The SNP and the Scottish Greens are close to a co-operation agreement, a source has said.
The two parties have been locked in negotiations since May, after the SNP fell just one seat short of an overall majority at the Holyrood elections.
While both parties said there would not be a formal coalition between the two, an agreement would see them work together on key issues, and could even see some Green MSPs appointed as ministers in Nicola Sturgeon’s government.
First reported by the Daily Record, and corroborated by the PA news agency, a source familiar with the negotiations said there had been “good progress” made and a deal was “95%” done.
An announcement, the source claimed, could come as early as the end of this week.
It is unclear what the final deal may look like, but in May Nicola Sturgeon told MSPs: “As we embark on this process, we are setting no limits on our ambition.
“So in that vein let me be clear that while this is not a guaranteed or pre-agreed outcome, it is not inconceivable that a co-operation agreement could lead in future to a Green minister or ministers being part of this Government.
“The key point for today is that we are both agreeing to come out of our comfort zones to find new ways of working for the common good.”
Patrick Harvie, the Scottish Greens co-leader, said the people of Scotland were looking for “grown up politics”, adding: “Green parties across Europe and in countries like New Zealand have in recent years rolled up their sleeves and worked with other parties to deliver a better future.
“But they have also shown that there is more than one way for government and opposition parties to work together, without losing the ability to challenge one another.
“We believe the people of Scotland want to see grown-up politics like this, and will approach the forthcoming talks in this spirit.”
The key area of agreement between the two sides before the negotiations was the constitution with both the Greens and the SNP in favour of Scottish independence.
An agreement would help towards formalising the 72 pro-separation MSPs in Holyrood, seven more than the 65 needed for a majority.
Responding to the reports, Scottish Labour leader Anas Sarwar referred to the Scottish Greens as a “branch office” of the SNP, saying: “This coalition isn’t a surprise, it is just formalising a long-standing reality where Nicola Sturgeon and the SNP hammer our public services with cuts, and the Greens nod along.”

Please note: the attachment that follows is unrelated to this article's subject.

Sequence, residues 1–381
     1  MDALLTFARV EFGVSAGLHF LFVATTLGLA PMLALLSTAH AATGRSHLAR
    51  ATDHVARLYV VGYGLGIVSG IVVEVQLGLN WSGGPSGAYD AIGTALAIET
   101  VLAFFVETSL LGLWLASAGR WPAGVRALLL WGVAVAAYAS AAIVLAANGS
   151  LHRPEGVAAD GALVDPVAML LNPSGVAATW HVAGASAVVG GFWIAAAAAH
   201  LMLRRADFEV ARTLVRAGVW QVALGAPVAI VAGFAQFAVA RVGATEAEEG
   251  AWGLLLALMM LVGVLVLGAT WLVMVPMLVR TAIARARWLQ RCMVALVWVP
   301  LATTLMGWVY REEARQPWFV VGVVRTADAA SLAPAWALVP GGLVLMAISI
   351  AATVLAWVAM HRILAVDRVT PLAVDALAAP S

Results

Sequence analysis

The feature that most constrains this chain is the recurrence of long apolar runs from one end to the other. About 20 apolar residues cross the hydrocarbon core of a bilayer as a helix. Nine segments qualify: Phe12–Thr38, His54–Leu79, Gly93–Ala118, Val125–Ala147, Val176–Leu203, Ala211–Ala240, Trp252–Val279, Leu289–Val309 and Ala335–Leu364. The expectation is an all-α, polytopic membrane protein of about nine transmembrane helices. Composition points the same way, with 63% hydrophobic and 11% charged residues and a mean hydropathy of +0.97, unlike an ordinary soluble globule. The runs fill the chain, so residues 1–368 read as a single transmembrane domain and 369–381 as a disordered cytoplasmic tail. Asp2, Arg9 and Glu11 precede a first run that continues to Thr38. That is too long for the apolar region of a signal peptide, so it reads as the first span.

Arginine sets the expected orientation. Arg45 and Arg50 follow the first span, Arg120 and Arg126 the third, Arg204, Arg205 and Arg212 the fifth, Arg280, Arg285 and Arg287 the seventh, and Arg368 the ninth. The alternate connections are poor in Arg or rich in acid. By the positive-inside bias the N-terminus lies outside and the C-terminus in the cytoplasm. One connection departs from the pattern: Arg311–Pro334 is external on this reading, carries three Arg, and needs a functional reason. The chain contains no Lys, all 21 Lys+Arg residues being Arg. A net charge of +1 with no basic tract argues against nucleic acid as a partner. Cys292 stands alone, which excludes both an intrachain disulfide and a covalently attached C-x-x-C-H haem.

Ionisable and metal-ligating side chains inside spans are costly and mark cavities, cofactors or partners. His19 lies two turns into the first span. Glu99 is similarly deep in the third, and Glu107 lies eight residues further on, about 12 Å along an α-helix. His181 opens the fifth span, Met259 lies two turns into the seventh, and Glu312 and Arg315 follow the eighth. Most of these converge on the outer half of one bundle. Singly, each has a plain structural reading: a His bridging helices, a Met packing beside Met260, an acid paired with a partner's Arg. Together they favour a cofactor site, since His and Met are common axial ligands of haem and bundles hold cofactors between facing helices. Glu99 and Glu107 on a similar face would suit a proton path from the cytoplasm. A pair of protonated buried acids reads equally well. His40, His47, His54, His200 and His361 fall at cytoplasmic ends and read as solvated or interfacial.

He added: “Scotland needs a real alternative that is standing up for our national recovery, the NHS and decent jobs – not the same old constitutional arguments.
“Scottish Labour are building that alternative, and I’d invite everyone in Scotland to join us on that journey.”
Meanwhile, the Scottish Tories said the Greens would endanger 100,000 jobs in the oil and gas industry if they were to hold sway in the Scottish Government.
In their manifesto ahead of May’s election, the Greens pledged to “phase out” oil and gas in the North Sea, but also committed to a just transition – which would see workers in the industry retrained in other lines of work.
“The prospect of an SNP-Green coalition of chaos is terrifying for the 100,000 workers and their families in our oil and gas industry,” Tory net zero, energy and transport spokesman Liam Kerr said.
“The SNP Government are working hand-in-hand with a party that’s happy to see thousands of hardworking families lose their jobs to suit their priorities.
“They care more about their separatist, ideological grievances than Scotland’s jobs and our wider economy and recovery.
He added: “The Scottish Conservatives will continue to stand up for vital jobs and livelihoods while doing everything possible to prevent this destructive SNP-Green agenda.”
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